People just want their work done. Governance is about leadership and management. Governance is failing on management. There is no coordination among agencies and as such, there are different ownerships and no accountability, which affects last mile closure.
In the last few weeks, there seems to be a rush to fulfil promises made in the manifesto, as well as new promises. What is the reason behind this?
We need to fulfil all our promises so we are working on them. Things take time. There were many new promises such as providing 200 units of electricity. This was not a poll promise but we found that it was doable.
We came to power and made water free and just before leaving, we are giving free electricity. This is a good thing. The government should do everything before leaving. It will be easier for us in the next term. We have announced that a sports university will be set up. Next week, we will also announce that a skill university will be established. We are preparing for the next tenure.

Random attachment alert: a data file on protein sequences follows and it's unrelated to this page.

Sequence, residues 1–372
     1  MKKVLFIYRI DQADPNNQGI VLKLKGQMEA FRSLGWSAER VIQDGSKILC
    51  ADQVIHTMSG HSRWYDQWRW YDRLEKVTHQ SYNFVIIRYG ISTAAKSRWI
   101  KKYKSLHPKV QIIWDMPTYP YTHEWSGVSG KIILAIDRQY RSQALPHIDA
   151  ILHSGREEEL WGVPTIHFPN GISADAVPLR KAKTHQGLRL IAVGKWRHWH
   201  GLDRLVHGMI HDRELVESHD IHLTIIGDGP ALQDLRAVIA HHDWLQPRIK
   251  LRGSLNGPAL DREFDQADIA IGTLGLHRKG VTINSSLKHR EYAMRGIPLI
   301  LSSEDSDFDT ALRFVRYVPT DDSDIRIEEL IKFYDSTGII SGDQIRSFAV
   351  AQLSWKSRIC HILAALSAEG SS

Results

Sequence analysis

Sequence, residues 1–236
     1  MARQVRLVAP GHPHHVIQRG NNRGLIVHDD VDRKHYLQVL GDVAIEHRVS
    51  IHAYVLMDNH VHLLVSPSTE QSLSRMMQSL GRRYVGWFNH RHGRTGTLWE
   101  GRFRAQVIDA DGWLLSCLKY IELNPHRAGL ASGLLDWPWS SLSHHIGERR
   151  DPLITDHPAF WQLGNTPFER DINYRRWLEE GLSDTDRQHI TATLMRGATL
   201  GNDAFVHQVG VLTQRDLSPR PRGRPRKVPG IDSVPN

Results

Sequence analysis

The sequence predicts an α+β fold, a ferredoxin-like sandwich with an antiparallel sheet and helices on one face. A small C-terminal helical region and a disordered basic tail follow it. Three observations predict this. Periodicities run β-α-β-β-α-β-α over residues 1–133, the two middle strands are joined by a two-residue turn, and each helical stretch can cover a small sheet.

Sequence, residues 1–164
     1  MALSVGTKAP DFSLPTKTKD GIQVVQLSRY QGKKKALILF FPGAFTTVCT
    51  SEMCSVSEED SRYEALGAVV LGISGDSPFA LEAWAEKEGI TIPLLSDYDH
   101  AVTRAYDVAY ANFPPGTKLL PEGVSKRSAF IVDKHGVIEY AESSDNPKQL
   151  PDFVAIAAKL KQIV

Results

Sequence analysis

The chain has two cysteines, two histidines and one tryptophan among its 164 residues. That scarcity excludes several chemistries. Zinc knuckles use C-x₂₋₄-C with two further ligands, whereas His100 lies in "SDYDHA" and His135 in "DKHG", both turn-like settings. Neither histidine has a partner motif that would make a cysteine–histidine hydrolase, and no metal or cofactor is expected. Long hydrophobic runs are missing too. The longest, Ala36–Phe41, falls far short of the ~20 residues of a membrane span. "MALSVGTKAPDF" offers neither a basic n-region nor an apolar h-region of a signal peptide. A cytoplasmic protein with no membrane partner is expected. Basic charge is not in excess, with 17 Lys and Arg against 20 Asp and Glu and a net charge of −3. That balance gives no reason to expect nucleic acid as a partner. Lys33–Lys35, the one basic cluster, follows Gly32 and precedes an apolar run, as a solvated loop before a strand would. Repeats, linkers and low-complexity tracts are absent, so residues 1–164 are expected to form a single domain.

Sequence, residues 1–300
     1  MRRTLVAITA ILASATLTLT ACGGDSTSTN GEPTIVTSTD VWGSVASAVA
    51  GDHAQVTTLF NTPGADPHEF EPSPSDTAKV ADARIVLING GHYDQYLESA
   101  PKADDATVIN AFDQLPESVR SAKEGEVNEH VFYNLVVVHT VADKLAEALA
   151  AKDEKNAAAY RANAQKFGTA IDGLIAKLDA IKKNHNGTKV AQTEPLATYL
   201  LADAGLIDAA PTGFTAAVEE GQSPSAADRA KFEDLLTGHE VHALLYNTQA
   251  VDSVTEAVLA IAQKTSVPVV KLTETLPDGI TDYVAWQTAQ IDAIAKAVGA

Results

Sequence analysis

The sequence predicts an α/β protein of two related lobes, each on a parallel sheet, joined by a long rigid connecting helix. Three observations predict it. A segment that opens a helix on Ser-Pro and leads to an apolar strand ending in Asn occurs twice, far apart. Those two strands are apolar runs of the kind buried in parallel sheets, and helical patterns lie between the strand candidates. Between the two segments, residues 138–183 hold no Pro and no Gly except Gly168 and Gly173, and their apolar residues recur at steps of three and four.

What will be the features of a degree in the sports university?
The idea of this university is to provide flexibility. There are many people who compromise on performing fields to complete their formal education.
The lieutenant governor has suggested that the university credits for a student should get passed on even if a student decides to change the field in the middle of the course. We will make the dynamics for this so that a student is able to use his credits to get his final degree.
The government has softened its approach towards the central government. Why?
Where we need to fight with the Centre, we do. In the very beginning when Swachh Bharat was launched, Arvind Kejriwal was the first one to support it. The fight against plastic, we are with them. We look forward to the success of such things. If the Centre is doing something for the people, we are with them. If they try and create hurdles in us doing work, we will fight them. Our fight is on issues and that will go on.